Spermathecae Resource Thread

Snipes

Arachnoprince
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metzgerzoo said:
Well, this is all peachy, however, all of you are forgetting one little MAJOR thing, not all tarantulas are female AND it's just as important for those new to the hobby to also be able to know and detect the epiandrous fusillae as well.
Well, think of it this way. How can you tell what sex a baby human is? If there were a thread on that, there would be pics on males because they are the most obvious. So a lack of the ahem, distinctive factor would suggest a female. It is exactly the opposite here, with females having the "thingy" and males not. So what you need to look for is the absense of any of the different female flaps.
edit: Oh, i forgot to mention, DO NOT post pics of naked babies here :), or anywhere for that matter. Twas just an example that everyone would be able to understand.
 

metzgerzoo

Arachnoangel
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Snipes said:
Well, think of it this way. How can you tell what sex a baby human is? If there were a thread on that, there would be pics on males because they are the most obvious. So a lack of the ahem, distinctive factor would suggest a female. It is exactly the opposite here, with females having the "thingy" and males not. So what you need to look for is the absense of any of the different female flaps.
edit: Oh, i forgot to mention, DO NOT post pics of naked babies here :), or anywhere for that matter. Twas just an example that everyone would be able to understand.
You are absolutely correct, in part. To use your example with human babies (no pix posted:D ) the male organs may be obvious, however, that is not always the case, as there are many times (with humans) that upon birth, it is not so easy to determine gender if the external orgains are not either fully developed or descended. It is just as easy or difficult to identify a human female as it is a male by the same method.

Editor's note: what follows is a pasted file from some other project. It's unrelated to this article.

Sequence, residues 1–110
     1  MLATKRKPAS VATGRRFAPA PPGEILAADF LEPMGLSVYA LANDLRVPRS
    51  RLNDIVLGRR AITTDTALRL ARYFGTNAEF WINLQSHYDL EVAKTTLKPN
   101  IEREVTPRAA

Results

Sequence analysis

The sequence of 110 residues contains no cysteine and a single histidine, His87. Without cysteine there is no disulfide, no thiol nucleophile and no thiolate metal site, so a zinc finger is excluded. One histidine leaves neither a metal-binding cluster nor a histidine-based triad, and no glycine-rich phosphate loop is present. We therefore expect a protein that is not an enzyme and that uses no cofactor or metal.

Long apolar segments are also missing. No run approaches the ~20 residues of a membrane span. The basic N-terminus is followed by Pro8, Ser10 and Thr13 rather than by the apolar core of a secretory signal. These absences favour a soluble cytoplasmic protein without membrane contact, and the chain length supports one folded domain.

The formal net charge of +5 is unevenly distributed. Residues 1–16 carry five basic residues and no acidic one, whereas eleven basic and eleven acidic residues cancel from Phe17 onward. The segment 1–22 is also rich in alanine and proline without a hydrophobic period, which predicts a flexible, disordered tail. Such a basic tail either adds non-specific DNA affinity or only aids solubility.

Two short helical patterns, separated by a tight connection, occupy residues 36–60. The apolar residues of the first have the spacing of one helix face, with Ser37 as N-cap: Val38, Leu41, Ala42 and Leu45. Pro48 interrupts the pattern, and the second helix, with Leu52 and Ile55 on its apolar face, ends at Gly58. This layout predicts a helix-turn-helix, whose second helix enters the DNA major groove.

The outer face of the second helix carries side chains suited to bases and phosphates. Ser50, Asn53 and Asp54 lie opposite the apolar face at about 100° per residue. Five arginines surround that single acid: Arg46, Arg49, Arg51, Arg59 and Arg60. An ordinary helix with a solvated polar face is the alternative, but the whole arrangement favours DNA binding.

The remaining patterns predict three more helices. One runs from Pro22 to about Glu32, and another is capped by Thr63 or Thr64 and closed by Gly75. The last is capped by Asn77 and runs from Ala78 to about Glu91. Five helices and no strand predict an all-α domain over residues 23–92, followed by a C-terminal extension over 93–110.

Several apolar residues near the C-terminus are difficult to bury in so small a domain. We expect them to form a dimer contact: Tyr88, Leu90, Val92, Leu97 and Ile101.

Since this thread is, by it's title, for "dummies" then, don't you think, for the sake of having a well rounded knowledge and understanding, that a novice should be aquainted with both aspects of sexing tarantulas, thus, covering the whole spectrum?
Going by the presence or absence of spermacathacae can and has been proven to be misleading in its own right, especially with smaller spiderlings and with those not familiar with sexing and who do not know the differences in appearence from species to species. Unlike humans, who's genitals all look the same (generally speaking), a female tarantula's spermacathcae can look very different from one species to the next, whereas the epiandrous fusillae of the males look basically the same from species to species.
In addition, the spermacathacae can be very difficult to see in a small spiderling due to development level or lack thereof, whereas the fusillae of a male is more clearly visible at a much earlier instar.
Just because there doesn't appear to be a "pouch" or "flap" does not always mean it's a male and just because there does appear to be such does not always mean it's a female, especially when the person doing the sexing isn't 100% certain what they are even looking at or for.
So, my point is, if we're going to teach how to prooperly sex tarantulas, we need to be showing how to and what to look for with regard to male tarantulas as well as female.
 

smof

Arachnodemon
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Some ventral shots. All confirmed by moults.

4" G. aureostriata - Male:


Same spider as above, male chaco:


3" B. smithi - Male:


Same spider as above, male smithi.


I think the different-textured patch of hair that is a sign of maleness is pretty clear in all these shots. Somebody correct me if I think I'm seeing something that I'm not ;)